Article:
& cplSiteName &

Google Cloud Targets Microsoft Users

Scott Ferguson

Google, which has struggled within the enterprise cloud market, is now offering expanded support for Microsoft's Windows Server and SQL Server within its Cloud Platform.

In a February 1 blog post, Amruta Gulanikar, product manager for the Google Cloud Platform (GCP), wrote that the company is looking to make its cloud offering the "best enterprise cloud environment." To achieve that, Google (Nasdaq: GOOG) is targeting a company synonymous with enterprise software -- Microsoft Corp. (Nasdaq: MSFT).

It's not the first time that Google has offered support for Microsoft's various products within its cloud. In 2016, the company announced support for ASP.NET, Visual Studio, PowerShell, as well as the latest version of Windows Server.

Wednesday's announcement looks to offer an added layer of high-availability and recovery, as well as remote management, to the process.

Google now supports pre-configured images for Microsoft SQL Server Enterprise and Windows Server Core within Compute Engine. In beta right now, Google is supporting these versions of SQL: SQL Server Enterprise 2016, SQL Server Enterprise 2014, and SQL Server Enterprise 2012.

There's also support for SQL Server AlwaysOn Availability Groups, which gets to the heart of the high-availability and DR offerings that enterprises need.

(Source: Google)
(Source: Google)

Finally, Google announced that it supports Windows Server images that are enabled with Windows Remote Management support. This includes Windows Server Core 2016 and 2012 R2 images.

In the blog post, Gulanikar writes that these services are already available.

"You can now launch Compute Engine VMs with Microsoft SQL Server Enterprise Edition pre-installed, and pay by the minute for SQL Server Enterprise and Windows Server licenses," Gulanikar wrote, adding: "Customers can also choose to bring their own licenses for SQL Server Enterprise."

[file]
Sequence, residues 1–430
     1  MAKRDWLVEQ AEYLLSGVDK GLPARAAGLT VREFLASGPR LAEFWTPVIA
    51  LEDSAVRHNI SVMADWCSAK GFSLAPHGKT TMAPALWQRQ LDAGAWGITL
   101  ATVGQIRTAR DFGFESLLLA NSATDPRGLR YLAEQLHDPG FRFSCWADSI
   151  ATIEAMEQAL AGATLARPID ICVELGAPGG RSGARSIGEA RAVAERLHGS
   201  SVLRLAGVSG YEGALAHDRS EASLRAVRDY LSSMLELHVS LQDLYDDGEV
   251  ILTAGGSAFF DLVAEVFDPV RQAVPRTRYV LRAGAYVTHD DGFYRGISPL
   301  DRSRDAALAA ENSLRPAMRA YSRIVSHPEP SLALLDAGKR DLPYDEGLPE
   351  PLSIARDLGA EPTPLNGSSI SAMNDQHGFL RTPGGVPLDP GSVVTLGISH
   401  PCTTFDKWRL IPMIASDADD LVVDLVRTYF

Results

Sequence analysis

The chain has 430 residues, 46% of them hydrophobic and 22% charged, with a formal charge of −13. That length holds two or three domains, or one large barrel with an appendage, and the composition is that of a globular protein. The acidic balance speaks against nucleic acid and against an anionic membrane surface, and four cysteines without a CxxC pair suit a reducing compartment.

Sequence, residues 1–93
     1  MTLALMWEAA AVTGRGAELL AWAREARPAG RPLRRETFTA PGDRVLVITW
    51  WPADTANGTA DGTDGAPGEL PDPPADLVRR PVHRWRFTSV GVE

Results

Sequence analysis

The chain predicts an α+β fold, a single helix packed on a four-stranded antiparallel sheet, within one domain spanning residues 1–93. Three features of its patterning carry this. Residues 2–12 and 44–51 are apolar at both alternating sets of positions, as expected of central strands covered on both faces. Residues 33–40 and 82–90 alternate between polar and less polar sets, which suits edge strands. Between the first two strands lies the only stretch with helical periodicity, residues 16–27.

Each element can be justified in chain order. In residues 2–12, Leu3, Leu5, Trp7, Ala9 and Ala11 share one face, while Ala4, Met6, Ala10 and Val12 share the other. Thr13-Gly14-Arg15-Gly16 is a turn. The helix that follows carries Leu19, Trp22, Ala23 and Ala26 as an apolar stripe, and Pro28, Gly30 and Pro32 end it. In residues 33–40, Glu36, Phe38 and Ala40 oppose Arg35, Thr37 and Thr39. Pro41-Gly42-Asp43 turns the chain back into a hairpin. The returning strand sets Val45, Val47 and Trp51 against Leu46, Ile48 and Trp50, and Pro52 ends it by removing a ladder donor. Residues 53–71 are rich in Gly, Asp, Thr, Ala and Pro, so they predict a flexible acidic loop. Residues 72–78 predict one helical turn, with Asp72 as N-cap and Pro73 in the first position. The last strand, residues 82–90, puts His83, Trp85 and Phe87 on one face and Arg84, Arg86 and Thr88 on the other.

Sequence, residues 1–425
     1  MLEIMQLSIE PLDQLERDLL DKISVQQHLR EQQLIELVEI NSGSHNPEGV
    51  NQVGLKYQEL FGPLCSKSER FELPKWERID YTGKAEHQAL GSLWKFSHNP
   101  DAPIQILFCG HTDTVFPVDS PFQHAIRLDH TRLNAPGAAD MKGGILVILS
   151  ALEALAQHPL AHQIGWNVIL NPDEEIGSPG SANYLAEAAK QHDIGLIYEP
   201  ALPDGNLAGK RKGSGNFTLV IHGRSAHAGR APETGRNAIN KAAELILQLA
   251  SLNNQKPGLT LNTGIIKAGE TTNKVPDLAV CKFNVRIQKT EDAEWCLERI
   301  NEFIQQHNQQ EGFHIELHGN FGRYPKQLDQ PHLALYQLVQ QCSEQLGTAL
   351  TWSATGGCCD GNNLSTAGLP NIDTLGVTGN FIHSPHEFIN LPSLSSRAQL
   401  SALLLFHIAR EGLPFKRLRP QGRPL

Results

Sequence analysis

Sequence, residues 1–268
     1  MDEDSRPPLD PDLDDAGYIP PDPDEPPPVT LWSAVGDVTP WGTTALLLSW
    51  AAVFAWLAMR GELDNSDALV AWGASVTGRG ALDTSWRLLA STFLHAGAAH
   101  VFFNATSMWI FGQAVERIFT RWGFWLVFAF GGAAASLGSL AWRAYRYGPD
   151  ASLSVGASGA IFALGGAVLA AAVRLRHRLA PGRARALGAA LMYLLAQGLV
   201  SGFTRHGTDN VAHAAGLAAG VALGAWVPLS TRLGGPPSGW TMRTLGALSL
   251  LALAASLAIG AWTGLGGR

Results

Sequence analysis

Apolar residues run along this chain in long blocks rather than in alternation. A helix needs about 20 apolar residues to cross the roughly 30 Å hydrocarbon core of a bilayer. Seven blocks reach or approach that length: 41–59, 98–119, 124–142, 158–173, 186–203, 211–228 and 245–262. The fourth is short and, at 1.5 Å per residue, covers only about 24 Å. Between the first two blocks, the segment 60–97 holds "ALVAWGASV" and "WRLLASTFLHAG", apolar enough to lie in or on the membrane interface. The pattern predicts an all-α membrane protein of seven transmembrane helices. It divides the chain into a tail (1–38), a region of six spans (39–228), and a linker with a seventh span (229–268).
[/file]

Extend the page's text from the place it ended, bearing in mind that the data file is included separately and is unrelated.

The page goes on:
When it comes to offering a public cloud platform, Google finds itself behind many of its rivals. It's believed that Amazon Web Services remains the most popular of the various public cloud platforms, with Microsoft's own Azure offering a distant, but growing, second.

Google, and a number of other vendors, round out the rest.

However, Google has looked to change that over the course of the last 18 months and make itself more competitive. It's one of the reasons it is offering some of the same support that AWS already offers in terms of various Microsoft services. It's also the reason that the company recruited Diane Greene, who founded VMware and other ventures, to head up its cloud efforts.

— Scott Ferguson, Editor, Enterprise Cloud. Follow him on Twitter @sferguson_LR.

Make sure your company and services are listed free of charge at Virtuapedia, the comprehensive set of searchable databases covering the companies, products, industry organizations and people that are directly involved in defining and shaping the virtualization industry.

(3)  | 
Comment  | 
Print  | 
Newest First  |  Oldest First  |  Threaded View        ADD A COMMENT
Featured Video
From The Founder
Ngena's global 'network of networks' solves a problem that the telecom vendors promised us would never exist. That doesn't mean its new service isn't a really good idea.
Flash Poll
Upcoming Live Events
March 20-22, 2018, Denver Marriott Tech Center
March 22, 2018, Denver, Colorado | Denver Marriott Tech Center
March 28, 2018, Kansas City Convention Center
April 4, 2018, The Westin Dallas Downtown, Dallas
April 9, 2018, Las Vegas Convention Center
May 14-16, 2018, Austin Convention Center
May 14, 2018, Brazos Hall, Austin, Texas
September 24-26, 2018, Westin Westminster, Denver
October 9, 2018, The Westin Times Square, New York
October 23, 2018, Georgia World Congress Centre, Atlanta, GA
November 7-8, 2018, London, United Kingdom
November 8, 2018, The Montcalm by Marble Arch, London
November 15, 2018, The Westin Times Square, New York
December 4-6, 2018, Lisbon, Portugal
All Upcoming Live Events
Hot Topics
Dell CTO: Public Cloud Is 'Way More Expensive Than Buying From Us'
Mitch Wagner, Editor, Enterprise Cloud, 3/19/2018
Eurobites: Cambridge Analytica Feels the Heat
Paul Rainford, Assistant Editor, Europe, 3/20/2018
Is Business Voice Rapidly Fading?
Carol Wilson, Editor-at-large, 3/15/2018
Amazon Proves Video's Worth
Mari Silbey, Senior Editor, Cable/Video, 3/15/2018
Animals with Phones
Live Digital Audio

A CSP's digital transformation involves so much more than technology. Crucial – and often most challenging – is the cultural transformation that goes along with it. As Sigma's Chief Technology Officer, Catherine Michel has extensive experience with technology as she leads the company's entire product portfolio and strategy. But she's also no stranger to merging technology and culture, having taken a company — Tribold — from inception to acquisition (by Sigma in 2013), and she continues to advise service providers on how to drive their own transformations. This impressive female leader and vocal advocate for other women in the industry will join Women in Comms for a live radio show to discuss all things digital transformation, including the cultural transformation that goes along with it.

Like Us on Facebook
Twitter Feed